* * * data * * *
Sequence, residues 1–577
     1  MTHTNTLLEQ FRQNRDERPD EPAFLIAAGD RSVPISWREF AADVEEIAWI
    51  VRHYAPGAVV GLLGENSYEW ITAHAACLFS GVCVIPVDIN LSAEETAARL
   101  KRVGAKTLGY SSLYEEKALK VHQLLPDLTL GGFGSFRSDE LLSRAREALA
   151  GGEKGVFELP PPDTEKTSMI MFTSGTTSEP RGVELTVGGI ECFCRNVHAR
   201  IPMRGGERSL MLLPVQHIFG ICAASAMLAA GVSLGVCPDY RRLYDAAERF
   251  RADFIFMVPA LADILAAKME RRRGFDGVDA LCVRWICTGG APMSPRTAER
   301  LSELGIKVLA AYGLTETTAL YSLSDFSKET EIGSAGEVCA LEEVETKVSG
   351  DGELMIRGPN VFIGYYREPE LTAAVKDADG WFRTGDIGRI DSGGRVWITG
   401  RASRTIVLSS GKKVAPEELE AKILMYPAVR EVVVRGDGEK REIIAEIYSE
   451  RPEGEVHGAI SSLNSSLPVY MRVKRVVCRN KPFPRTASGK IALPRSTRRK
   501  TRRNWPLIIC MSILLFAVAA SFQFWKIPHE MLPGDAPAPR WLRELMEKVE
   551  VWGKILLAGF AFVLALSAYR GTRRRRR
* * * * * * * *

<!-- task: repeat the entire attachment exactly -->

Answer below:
Sequence, residues 1–577
     1  MTHTNTLLEQ FRQNRDERPD EPAFLIAAGD RSVPISWREF AADVEEIAWI
    51  VRHYAPGAVV GLLGENSYEW ITAHAACLFS GVCVIPVDIN LSAEETAARL
   101  KRVGAKTLGY SSLYEEKALK VHQLLPDLTL GGFGSFRSDE LLSRAREALA
   151  GGEKGVFELP PPDTEKTSMI MFTSGTTSEP RGVELTVGGI ECFCRNVHAR
   201  IPMRGGERSL MLLPVQHIFG ICAASAMLAA GVSLGVCPDY RRLYDAAERF
   251  RADFIFMVPA LADILAAKME RRRGFDGVDA LCVRWICTGG APMSPRTAER
   301  LSELGIKVLA AYGLTETTAL YSLSDFSKET EIGSAGEVCA LEEVETKVSG
   351  DGELMIRGPN VFIGYYREPE LTAAVKDADG WFRTGDIGRI DSGGRVWITG
   401  RASRTIVLSS GKKVAPEELE AKILMYPAVR EVVVRGDGEK REIIAEIYSE
   451  RPEGEVHGAI SSLNSSLPVY MRVKRVVCRN KPFPRTASGK IALPRSTRRK
   501  TRRNWPLIIC MSILLFAVAA SFQFWKIPHE MLPGDAPAPR WLRELMEKVE
   551  VWGKILLAGF AFVLALSAYR GTRRRRR